VV 17-20, 17 And it came to pass, that after three days Paul called the chief of the Jews together: and when they were come together, he said unto them, Men and brethren, though I have committed nothing against the people, or customs of our fathers, yet was I delivered prisoner from Jerusalem into the hands of the Romans. 18 Who, when they had examined me, would have let me go, because there was no cause of death in me. 19 But when the Jews spake against it, I was constrained to appeal unto Caesar; not that I had ought to accuse my nation of. 20 For this cause therefore have I called for you, to see you, and to speak with you: because that for the hope of Israel I am bound with this chain.

Three days later, Paul called the Jewish leaders to explain to them why he was in Rome. He narrated the mob in the temple, his trial before the Sanhedrin, before Felix, before Festus, and before Herod Agrippa the 2nd, house arrest in Caesarea, and appeal to Caesar. Paul said he was in chains for the ‘’hope of Israel’’ which means the Messiah.

VV 21-24, 21 And they said unto him, We neither received letters out of Judaea concerning thee, neither any of the brethren that came shewed or spake any harm of thee. 22 But we desire to hear of thee what thou thinkest: for as concerning this sect, we know that every where it is spoken against. 23 And when they had appointed him a day, there came many to him into his lodging; to whom he expounded and testified the kingdom of God, persuading them concerning Jesus, both out of the law of Moses, and out of the prophets, from morning till evening. 24 And some believed the things which were spoken, and some believed not.

The Jewish leaders in Jerusalem were not interested in pursuing Paul and did not update the Jewish leaders in Rome concerning Paul’s arrival to Rome. Paul shared the gospel with them from morning till evening. He proved to them from scripture that Jesus was the Messiah prophesied by Moses and the prophets. Some believed but some did not believe.

VV 25-27, 25 And when they agreed not among themselves, they departed, after that Paul had spoken one word, Well spake the Holy Ghost by Esaias the prophet unto our fathers, 26 Saying, Go unto this people, and say, Hearing ye shall hear, and shall not understand; and seeing ye shall see, and not perceive: 27 For the heart of this people is waxed gross, and their ears are dull of hearing, and their eyes have they closed; lest they should see with their eyes, and hear with their ears, and understand with their heart, and should be converted, and I should heal them.

the Jewish leaders could not agree among themselves. Paul quoted Isaiah 6:9-10.

Isaiah 6:9-10, “And he said, Go, and tell this people, Hear ye indeed, but understand not; and see ye indeed, but perceive not. Make the heart of this people fat, and make their ears heavy, and shut their eyes; lest they see with their eyes, and hear with their ears, and understand with their heart, and convert, and be healed.”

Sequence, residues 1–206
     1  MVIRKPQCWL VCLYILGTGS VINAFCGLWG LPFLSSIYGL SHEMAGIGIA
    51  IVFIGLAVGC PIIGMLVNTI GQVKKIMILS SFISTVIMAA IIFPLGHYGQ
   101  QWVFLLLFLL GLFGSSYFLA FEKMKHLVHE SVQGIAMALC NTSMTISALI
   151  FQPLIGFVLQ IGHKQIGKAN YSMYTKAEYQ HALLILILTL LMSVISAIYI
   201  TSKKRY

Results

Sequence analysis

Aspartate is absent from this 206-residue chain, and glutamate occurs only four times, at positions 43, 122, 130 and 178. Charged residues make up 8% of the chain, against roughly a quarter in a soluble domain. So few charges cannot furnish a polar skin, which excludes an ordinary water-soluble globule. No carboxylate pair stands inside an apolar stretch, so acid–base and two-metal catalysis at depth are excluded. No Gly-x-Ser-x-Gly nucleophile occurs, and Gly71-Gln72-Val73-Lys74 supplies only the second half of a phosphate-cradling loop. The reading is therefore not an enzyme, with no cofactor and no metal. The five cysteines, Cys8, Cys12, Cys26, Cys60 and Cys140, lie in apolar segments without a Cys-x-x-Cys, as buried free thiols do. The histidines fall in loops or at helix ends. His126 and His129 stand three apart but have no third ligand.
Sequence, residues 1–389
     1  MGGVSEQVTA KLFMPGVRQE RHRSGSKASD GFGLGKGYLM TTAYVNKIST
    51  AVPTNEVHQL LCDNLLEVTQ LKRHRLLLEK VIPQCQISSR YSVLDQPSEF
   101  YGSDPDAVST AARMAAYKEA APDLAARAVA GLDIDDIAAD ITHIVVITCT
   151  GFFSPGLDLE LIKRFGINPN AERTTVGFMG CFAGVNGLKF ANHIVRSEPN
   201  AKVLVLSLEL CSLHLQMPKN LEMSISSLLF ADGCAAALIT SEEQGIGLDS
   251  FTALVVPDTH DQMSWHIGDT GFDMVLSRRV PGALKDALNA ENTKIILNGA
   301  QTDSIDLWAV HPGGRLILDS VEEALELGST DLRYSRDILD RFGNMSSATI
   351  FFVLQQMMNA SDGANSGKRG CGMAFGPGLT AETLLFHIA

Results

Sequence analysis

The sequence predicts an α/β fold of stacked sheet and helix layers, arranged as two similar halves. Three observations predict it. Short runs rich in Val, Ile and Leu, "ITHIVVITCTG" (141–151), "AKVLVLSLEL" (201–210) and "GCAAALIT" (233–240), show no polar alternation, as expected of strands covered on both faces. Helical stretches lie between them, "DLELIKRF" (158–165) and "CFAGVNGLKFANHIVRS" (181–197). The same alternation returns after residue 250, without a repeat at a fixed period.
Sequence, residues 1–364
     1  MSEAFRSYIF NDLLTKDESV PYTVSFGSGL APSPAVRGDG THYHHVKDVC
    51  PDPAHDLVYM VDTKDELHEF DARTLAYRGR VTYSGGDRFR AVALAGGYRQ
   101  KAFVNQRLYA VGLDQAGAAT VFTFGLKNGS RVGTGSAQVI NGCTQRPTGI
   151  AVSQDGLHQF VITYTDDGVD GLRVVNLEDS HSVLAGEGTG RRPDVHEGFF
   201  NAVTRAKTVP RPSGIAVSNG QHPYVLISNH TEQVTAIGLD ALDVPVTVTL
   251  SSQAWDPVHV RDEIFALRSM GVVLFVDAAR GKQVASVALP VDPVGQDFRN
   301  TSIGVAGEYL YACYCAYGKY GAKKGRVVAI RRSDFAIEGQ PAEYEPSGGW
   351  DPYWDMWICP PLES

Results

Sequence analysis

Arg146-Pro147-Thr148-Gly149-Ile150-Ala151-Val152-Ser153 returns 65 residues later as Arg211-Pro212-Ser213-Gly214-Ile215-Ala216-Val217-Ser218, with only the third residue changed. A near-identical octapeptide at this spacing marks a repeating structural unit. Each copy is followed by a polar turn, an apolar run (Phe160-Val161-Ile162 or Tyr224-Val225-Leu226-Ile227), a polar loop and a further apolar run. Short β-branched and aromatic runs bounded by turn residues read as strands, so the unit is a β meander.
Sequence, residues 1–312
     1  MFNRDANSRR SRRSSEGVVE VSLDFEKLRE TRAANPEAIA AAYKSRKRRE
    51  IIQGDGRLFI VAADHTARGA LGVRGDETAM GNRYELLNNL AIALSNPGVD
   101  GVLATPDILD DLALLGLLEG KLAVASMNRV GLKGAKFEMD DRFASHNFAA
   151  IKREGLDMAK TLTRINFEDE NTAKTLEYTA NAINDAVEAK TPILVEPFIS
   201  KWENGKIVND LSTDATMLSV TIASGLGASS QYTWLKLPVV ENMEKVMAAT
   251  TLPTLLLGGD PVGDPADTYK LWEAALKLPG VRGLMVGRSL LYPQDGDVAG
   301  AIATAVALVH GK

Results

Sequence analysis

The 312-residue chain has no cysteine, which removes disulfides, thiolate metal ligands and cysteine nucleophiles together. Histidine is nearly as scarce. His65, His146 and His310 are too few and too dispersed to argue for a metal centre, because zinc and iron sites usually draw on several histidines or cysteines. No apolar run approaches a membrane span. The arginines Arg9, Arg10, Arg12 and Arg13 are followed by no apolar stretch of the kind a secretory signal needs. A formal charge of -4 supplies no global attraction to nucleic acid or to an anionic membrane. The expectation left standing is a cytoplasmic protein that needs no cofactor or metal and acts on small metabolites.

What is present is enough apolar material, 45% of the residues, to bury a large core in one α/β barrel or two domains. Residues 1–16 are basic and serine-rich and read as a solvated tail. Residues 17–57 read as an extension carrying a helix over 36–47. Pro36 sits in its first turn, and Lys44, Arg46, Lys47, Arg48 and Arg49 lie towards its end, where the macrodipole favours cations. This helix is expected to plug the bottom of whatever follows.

VV 28-31, 28 Be it known therefore unto you, that the salvation of God is sent unto the Gentiles, and that they will hear it. 29 And when he had said these words, the Jews departed, and had great reasoning among themselves. 30 And Paul dwelt two whole years in his own hired house, and received all that came in unto him, 31 Preaching the kingdom of God, and teaching those things which concern the Lord Jesus Christ, with all confidence, no man forbidding him.

Paul announced to the Jewish leaders that since the Jews did not believe, salvation would be given to the Gentiles. They disputed among themselves and left. Paul lived 2 years in his own rented house under house arrest, preaching the gospel and teaching the word of God with confidence to all visitors and the praetorian guards, who took the gospel to Caesar’s household.

The book of Acts ended on this note somewhat open-endedly. Secular history informed us that Caesar Nero released Paul in 62.AD, but rearrested and beheaded him at Rome in 66 AD.


Paul used his house arrest to preach the gospel. The prison was his pulpit. The praetorian guards and visitors were his congregation. Did you use your home or your office to preach the gospel?

Paul was chained to a soldier, 24 hours a day, 7 days a week but he preached the gospel far and wide. Are you chained to your job, sickness, lockdown, or pandemic? Do not lockdown the gospel. Preach the gospel in season and out of season, in pandemic and out of pandemic.


Heavenly Father, thank You for such an amazing journey of faith across 27 years of church history, through the eyewitness account of Luke. Thank you for the valuable lessons that we can take away from these amazing stories. Thank You for making scriptures come alive, in Jesus’ name, Amen.